Philippines Buys ASW Helicopters

A CGI impression of the WIldcat with Thales LMM.

SHAH ALAM: THE Philippines Defence Department has selected the AgustaWestland AW159 Lynx Wildcat ASW helicopters for its navy. Under the deal, the Philippines Navy will be getting two Wildcats for some US$114 million.

From the Philippine News Agency (PNA)

“MANILA, March 23 (PNA) — The contract for the Philippine Navy (PN)’s first two anti-submarine warfare (ASW) helicopters was awarded to Anglo-Italian aircraft manufacturer AgustaWestland. This was confirmed by Department of National Defense (DND) undersecretary for finance, munition, materiel and modernization Fernando Manalo in a message to the PNA Wednesday.

But he did not give the exact date of the contract awarding.

A CGI image of two AW159 Wildcat armed to the teeth
A CGI image of two AW159 Wildcat armed to the teeth

Manalo earlier said in January that AgustaWestland is now undergoing post-qualification checks after being selected as sole proponent of the DND’s PHP5.4 billion ASW helicopter project.

Post-qualification refers to the background check to determine the capability of the manufacturer to deliver the equipment on time and comply with the specifications requested by the contracting party.

AgustaWestland was selected by the DND as the possible supplier of its two ASW helicopters late in 2015.

Manalo said AgustaWestland offered the Philippines its brand-new AW-159 “Wildcat” anti-submarine helicopter.

The AW-159 (previously called the Future Lynx and Lynx Wildcat) is an improved version of the Westland Super Lynx military helicopter.

It is ordered for the British Army and the United Kingdom’s Royal Navy.

It has a crew of two, has a maximum speed of 291 km/h (181 mph), range of 777 km (483 miles), ferry range of 963 km (598 miles) and an endurance of one and a-half hours (fours hours and 30 minutes if fitted with auxiliary fuel).

Philippine Navy armed AW109s.
Philippine Navy armed AW109s.

The AW-159 is fitted with forward firing CRV7 rockets and machine guns, pintle mounted machine gun, Sea Skua missiles and Sting-Ray torpedoes and depth charges.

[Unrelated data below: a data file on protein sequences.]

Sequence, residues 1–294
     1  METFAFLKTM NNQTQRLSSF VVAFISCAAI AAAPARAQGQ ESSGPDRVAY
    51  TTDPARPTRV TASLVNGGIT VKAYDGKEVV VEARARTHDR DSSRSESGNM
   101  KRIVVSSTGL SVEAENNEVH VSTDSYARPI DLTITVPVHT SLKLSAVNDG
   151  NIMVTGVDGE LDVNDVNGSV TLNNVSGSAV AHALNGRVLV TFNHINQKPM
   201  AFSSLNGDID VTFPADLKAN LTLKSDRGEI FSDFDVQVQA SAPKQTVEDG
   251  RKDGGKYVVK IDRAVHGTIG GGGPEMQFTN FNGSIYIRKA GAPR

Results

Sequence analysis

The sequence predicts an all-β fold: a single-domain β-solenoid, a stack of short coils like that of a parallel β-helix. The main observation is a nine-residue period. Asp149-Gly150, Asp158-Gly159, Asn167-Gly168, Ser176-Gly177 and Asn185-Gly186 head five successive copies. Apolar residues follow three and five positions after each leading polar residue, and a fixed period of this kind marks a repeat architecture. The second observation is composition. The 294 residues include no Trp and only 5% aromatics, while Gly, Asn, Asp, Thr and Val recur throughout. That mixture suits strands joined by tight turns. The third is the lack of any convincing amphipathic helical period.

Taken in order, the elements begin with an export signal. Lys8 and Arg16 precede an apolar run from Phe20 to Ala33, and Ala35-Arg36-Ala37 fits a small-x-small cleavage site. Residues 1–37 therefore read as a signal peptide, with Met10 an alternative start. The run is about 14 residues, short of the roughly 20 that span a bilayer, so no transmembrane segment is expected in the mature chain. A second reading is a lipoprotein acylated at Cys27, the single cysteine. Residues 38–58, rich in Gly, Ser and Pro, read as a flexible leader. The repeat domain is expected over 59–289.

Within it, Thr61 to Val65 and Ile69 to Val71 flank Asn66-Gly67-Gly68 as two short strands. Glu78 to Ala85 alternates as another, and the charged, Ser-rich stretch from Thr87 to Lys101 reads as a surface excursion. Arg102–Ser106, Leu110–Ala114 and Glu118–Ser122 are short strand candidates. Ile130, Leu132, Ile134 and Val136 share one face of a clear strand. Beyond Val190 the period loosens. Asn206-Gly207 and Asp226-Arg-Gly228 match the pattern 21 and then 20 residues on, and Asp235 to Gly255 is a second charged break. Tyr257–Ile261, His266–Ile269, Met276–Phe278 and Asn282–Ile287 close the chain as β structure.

The ASW helicopter project is one of the seven military modernization projects which President Benigno S. Aquino III has given DND the green-light to go into a “multi-year contract” last November.

Projects placed under the “multi-year contract” include the two missile-armed frigates, eight amphibious assault vehicles, two long-range patrol aircraft, six close-air support aircraft, munition for the brand-new FA-50PH jet fighters and surveillance radars.

Payment from the seven projects will run from 2015 to 2018.

Granting of the “multi-year contract” will allow to pursue the military modernization programme beyond Aquino’s term, he added.

Total value of the seven projects is about PHP44 billion. (PNA)

RMN Super Lynx helicopter fitted with 50 calibre HMG.
RMN Super Lynx helicopter fitted with 50 calibre HMG.

News Analysis
The news that the Philippines is getting ASW helicopters will be bittersweet to the RMN which had been seeking the same capabilities close to two decades now. The requirement have been green lighted for previous Malaysian Plans but somehow it always fell victim to budgetary “re-alignment or adjustment.

RMN Super Lynx was also used during flood relief operations in late 2014. TLDM picture.
RMN Super Lynx was also used during flood relief operations in late 2014. TLDM picture.

Malaysian Defence had reported previously that the ASW requirement had green-lighted for RMK11 but the current economic headwinds may yet prove to be another hurdle on that road again. Based on the price of the two AW159 being bought by the Philippine Navy, a six ASW helo deal for RMN would probably cost more than RM1 billion.

RMN Fennec M502-04 fitted with a GPMG.
RMN Fennec M502-04 fitted with a GPMG.

In the current financial outlook, it is a deal breaker. Perhaps RMN should start looking for other options at the moment, especially used ASW helicopters. EDA Seahawks for example cost around US$2 million each. Add another US$3 million for refurbishments and munitions costs, six ASW helicopters could be operational within two years for around RM100 million.

One of the preserved Westland Wasp M499-02.
One of the preserved Westland Wasp M499-02.

For the record, RMN currently operates six Super Lynx and six Fennec helicopters, respectively. RMN’s first helicopters were Westland Wasp, used examples procured from the Royal Navy.